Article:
A Break with The Beany

Tuesday, 11th January 2005
Wild West Yorkshire nature diary

navigation bar
navigation bar

The BeanyIt's such a pleasure to sit down with a cup of coffee and a copy of Michael Nobbs' new hand drawn journal The Beany. You might know his work from his website (see link below), and there's stacks of his drawings there, so why read the book?

For a start, it's lovely to see the drawings on paper, unencumbered by menus, links and scroll bars. You're able to handle the story as an object - on the same intimate scale as one of the everyday objects he habitually draws - rather than just tune into a flickering presence on the screen.

It's got a freshly printed smell; now, you never get with a weblog, do you? I've looked through my copy several times so already getting it's getting a bit curly and opening on favourite pages; that's true interactivity, isn't it?

Books v. Blogs

Reading the book is an experience which starts at the beginning at page 1 (a beany hat), goes on right the way to the end at page 62 (a tin of sardines) then stops. Like a piece of music, you can pick up its rhythm and cadences; something that's easily lost in a story on the web. While an internet experience can potentially go on forever, a book is more intimate, and this 5 x 5 inch paperback is the ideal medium for his tale of a few months in 'his small and insignificant looking life on the west coast of Wales'.

coffee pot
© Michael Nobbs, 2004.
Used with permission

The Beany

In a gentle mode that reminds me of a short story, or an afternoon play on BBC Radio 4, Michael takes us in search of the perfect pen, in search of mountains that disappear in the mist, to his favourite cafés, even on expeditions to Tesco and Borders. Like so many of those Radio 4 plays, you don't see the sea but it's there in a background, as a symbol and a memory; almost as elusive as the artist's mother who puts in just one brief appearance.

When we lived in town we had a huge window over looking the harbour which dragged in every last drop of autumn light. Here we're often in the clouds and the windows are far smaller.

An ME sufferer, he tells us that these days he doesn't have the energy to paint the 'large messy landscapes' he used to but his eye for the extraordinary nature of our everyday surroundings gives his coffee pots, sauce bottles and treacle tins a Gaudiesque monumentality. There's a feeling of fable or of a children's story about the book; his drawings have so much character and humour in them. Objects take on a secret inner life.

A matter of a awareness

This quote, which ends the book - poetically placed against the tin of sardines from Portugal, still locked shut by their ring-pull key - could serve as his mission statement:

Each act is a rite, a ceremony. Raising a cup of tea to your mouth is a rite. Does the word “rite” seem too solemn? I use that word in order to jolt you into the realization of the life-and-death matter of awareness.

Thich Nhat Hanh, The Miracle of Mindfulness

I hope I get to share the rite of raising a teacup with Michael sometime soon. Most of my creatively laid back West Coast friends live thousands of miles away. But Aberystwyth is a bit closer to home.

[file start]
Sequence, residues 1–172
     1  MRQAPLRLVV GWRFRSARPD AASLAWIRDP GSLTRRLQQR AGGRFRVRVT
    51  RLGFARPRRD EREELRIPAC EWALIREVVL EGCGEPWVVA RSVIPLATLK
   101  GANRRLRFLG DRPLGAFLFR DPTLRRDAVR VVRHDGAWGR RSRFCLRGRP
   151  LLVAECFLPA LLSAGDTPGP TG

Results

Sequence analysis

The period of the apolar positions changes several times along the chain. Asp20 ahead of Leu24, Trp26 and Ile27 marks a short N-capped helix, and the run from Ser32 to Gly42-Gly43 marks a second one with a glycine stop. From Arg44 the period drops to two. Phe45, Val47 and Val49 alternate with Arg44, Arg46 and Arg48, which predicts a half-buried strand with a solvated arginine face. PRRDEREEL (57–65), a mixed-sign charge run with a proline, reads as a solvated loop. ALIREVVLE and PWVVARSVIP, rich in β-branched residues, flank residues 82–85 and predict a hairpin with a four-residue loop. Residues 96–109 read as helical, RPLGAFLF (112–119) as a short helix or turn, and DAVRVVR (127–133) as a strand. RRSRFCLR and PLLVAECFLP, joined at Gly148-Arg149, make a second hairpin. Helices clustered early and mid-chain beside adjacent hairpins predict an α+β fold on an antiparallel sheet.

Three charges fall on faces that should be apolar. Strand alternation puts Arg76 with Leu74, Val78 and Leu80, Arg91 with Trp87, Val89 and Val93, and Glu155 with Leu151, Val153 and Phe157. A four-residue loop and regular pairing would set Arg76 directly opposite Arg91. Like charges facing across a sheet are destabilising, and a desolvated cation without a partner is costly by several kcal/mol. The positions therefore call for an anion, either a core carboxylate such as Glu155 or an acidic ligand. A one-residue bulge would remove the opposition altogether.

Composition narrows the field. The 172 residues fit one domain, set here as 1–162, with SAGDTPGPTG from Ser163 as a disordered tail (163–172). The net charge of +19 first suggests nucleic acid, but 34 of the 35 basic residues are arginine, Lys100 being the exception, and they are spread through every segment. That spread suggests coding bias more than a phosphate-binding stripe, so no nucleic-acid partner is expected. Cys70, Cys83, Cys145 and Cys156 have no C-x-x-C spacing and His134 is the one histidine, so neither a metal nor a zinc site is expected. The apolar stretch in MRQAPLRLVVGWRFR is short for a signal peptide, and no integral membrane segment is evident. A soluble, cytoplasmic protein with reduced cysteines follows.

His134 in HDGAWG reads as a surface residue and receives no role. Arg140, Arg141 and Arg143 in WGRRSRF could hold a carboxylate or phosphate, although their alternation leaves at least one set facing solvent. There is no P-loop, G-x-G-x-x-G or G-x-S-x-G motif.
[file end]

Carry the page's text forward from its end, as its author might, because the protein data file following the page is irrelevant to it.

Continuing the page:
Full Face

Yet another self-portrait, this time full face in a strong sidelight, for my attempt at the exercises in Betty Edwards' Drawing on the Right Side of the Brain. I think there's just one more self-portrait to go and then I look forward to drawing someone else (I've warned my artist friends Helen and John that I need a couple of models) but the advantage of self-portrait is that your model is always there for you and gets tired at exactly the same rate you do.



Take the Chair

chairIt's our AGM at Wakefield Naturalists' Society, and, according to the agenda 'Richard Bell has indicated his willingness to contine to serve on the committee''. Hey, I don't remember that! But it's a very good cause.

While the officers go through their reports there's time for me to sketch the two chairs propping up the screen. I think there's a definite Nobbsian influence to the one on the left. And I agree with Michael; the Staedtler mars professional that I've drawn it with comes close to being the 'perfect pen'. The biggest nib size, 0.7 has proved to be my favourite.

Tonight is a bit of a historical event: for the first time in 155 years Wakefield Nats are using a digital projector. Looking back at the Nats programmes from the early 1950s, there was a 'lanternist' on the committee; a reference to the cumbersome 'magic lantern' of Victorian times. How long before colour slides become a quaint memory?

John Gardner, our president, shows digital images of birds in flight shot in rapid succession. One weekend he took 2,000 images of red kites in flight at the Gigrin Farm feeding station and selected a few perfect images from them. It does seem a bit hit-and-miss but the results are some stunning images that you would be lucky to get using film. Next Page

Related Links

Michael Nobbs

The Beany

Wild Scenes; wildlife and landscape images by John Gardner ARPS

Richard Bell, richard@willowisland.co.uk

navigation bar
navigation bar